How to save on taxes as a small business owner

4 min read
3/6/24 9:00 AM

In general, the first step to solving a problem is clearly defining and understanding the problem itself. Paying too much in taxes as a small business owner is definitely a problem. Step two in solving a problem would likely be digging deeper to find the cause. In this article, we will uncover the cause and the solution for a high tax bill as a small business owner.

Why are my taxes so high?

There are potentially multiple answers to this question, but the number one reason you owe a significant amount of tax is you made money. Congratulations! A business that generates substantial profits and revenue is likely to have a higher tax liability. Taxes are typically based on a percentage of income, so the more the business earns, the higher the tax bill.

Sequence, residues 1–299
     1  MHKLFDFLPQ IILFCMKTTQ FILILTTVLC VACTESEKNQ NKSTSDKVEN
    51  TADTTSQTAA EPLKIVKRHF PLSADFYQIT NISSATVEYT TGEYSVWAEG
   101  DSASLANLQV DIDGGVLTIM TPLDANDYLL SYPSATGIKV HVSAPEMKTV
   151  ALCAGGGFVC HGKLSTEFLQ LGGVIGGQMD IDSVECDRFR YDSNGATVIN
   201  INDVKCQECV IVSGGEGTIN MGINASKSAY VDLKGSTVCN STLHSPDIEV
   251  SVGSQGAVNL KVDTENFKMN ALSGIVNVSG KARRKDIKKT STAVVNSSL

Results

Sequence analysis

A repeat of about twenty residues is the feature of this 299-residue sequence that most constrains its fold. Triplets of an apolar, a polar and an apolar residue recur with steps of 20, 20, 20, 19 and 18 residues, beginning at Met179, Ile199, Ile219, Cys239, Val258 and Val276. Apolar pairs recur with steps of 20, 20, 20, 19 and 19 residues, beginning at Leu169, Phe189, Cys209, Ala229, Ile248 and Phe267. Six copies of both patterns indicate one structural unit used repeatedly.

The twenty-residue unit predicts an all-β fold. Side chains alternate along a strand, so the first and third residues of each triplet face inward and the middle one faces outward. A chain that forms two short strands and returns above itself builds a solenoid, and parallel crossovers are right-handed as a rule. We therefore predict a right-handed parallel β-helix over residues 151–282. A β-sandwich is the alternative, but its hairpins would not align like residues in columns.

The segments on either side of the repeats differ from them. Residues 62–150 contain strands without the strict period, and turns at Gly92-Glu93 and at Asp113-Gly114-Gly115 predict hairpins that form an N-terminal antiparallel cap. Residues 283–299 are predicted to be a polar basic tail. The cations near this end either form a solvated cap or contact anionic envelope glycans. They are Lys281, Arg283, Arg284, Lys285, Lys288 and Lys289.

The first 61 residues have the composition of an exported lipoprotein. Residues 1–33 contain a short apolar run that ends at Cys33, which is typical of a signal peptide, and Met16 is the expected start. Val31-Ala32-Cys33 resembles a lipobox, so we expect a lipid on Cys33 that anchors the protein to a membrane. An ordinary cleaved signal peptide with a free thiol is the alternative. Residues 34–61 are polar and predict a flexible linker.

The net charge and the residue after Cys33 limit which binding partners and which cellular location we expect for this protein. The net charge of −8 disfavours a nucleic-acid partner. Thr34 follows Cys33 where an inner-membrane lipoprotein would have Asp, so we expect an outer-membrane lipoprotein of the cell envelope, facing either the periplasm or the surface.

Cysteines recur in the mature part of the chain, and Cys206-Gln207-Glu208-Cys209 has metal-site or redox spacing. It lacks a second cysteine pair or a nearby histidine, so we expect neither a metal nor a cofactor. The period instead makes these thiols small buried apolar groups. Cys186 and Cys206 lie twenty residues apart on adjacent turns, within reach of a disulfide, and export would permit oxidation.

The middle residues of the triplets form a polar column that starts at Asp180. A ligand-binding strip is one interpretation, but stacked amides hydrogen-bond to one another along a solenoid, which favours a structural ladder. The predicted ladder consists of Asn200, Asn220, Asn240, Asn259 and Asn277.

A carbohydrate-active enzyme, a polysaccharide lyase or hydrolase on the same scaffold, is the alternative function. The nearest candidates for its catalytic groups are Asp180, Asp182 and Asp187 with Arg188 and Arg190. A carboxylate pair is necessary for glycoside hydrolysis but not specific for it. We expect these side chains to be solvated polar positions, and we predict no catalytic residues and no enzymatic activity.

Now, that is not to say you don’t have any leverage for decreasing the amount of tax you owe. Some other factors that contribute to a higher tax bill than you would like include:

  • Lack of deductions and credits
  • Inefficient expense management
  • Depreciation and amortization
  • Limited use of retirement accounts
  • Insufficient tax planning
  • Choice of business structure

How do I reduce my taxes as a small business owner?